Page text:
Use this URL to cite or link to this record in EThOS: http://ethos.bl.uk/OrderDetails.do?uin=uk.bl.ethos.690324
Title: Challenges and applications of computational models in theoretical anthropology
Author: Kaiping, Gereon
ISNI:       0000 0004 5922 9352
Awarding Body: University of Southampton
Current Institution: University of Southampton
Date of Award: 2016
Availability of Full Text:
Access through EThOS:
Full text unavailable from EThOS. Please try the link below.
Access through Institution:
Abstract:
Theoretical anthropology tries to develop models of human biology and culture. In this thesis, we investigate how different computational models from theoretical biology can be applied to evolutionary anthropology. We study two different types of models, applying them to two different sub-fields of evolutionary anthropology, and highlighting alternative choices in their construction. On the one hand, we observe that the evolutionary simulations are composed of three main components: an updating rule, a game and a population structure. We find that the updating rule can alter the qualitative and quantitative evolutionary outcome of a model. A dominant language is more resilient to learning errors and more frequent when selection primarily weeds out maladapted individuals, instead of promoting well-adapted ones. We study the evolution of cooperation and institutional punishment. Group selection can support cooperation, even when implemented through the selection of individual agents migrating between communities at different rates. Institutional punishment on the other hand is highly complex and cannot arise from simpler strategies in either wellmixed or community-structured populations. On the other hand, Bayesian inference models used for linguistic phylogenies can incorporate highly correlated typological information, without a priori knowledge about the underlying linguistic universals. While close in subject, models in theoretical biology and profound anthropological expertise express all but disjoint theories in terms of scope and complexity. This thesis acknowledges this challenge and contributes to bridging the gap.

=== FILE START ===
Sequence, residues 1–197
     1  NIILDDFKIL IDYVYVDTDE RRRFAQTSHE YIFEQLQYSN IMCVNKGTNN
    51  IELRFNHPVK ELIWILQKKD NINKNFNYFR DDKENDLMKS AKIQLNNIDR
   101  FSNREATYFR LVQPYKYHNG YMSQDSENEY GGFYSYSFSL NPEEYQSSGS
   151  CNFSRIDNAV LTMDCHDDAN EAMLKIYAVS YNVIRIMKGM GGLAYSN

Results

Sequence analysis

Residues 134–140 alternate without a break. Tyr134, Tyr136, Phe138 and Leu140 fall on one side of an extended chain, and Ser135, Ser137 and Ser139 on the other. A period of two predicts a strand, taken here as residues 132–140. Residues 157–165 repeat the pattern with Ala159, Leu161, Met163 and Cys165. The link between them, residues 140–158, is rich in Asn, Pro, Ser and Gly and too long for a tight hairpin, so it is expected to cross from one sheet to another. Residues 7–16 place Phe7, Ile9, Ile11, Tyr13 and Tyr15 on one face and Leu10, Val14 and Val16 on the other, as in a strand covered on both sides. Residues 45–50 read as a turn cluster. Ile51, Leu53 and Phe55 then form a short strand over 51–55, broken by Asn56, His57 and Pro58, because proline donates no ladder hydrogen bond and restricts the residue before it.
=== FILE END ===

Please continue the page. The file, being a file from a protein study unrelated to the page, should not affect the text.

Supervisor: Cox, Simon Sponsor: Not available
Qualification Name: Thesis (Ph.D.) Qualification Level: Doctoral
EThOS ID: uk.bl.ethos.690324  DOI: Not available
Share: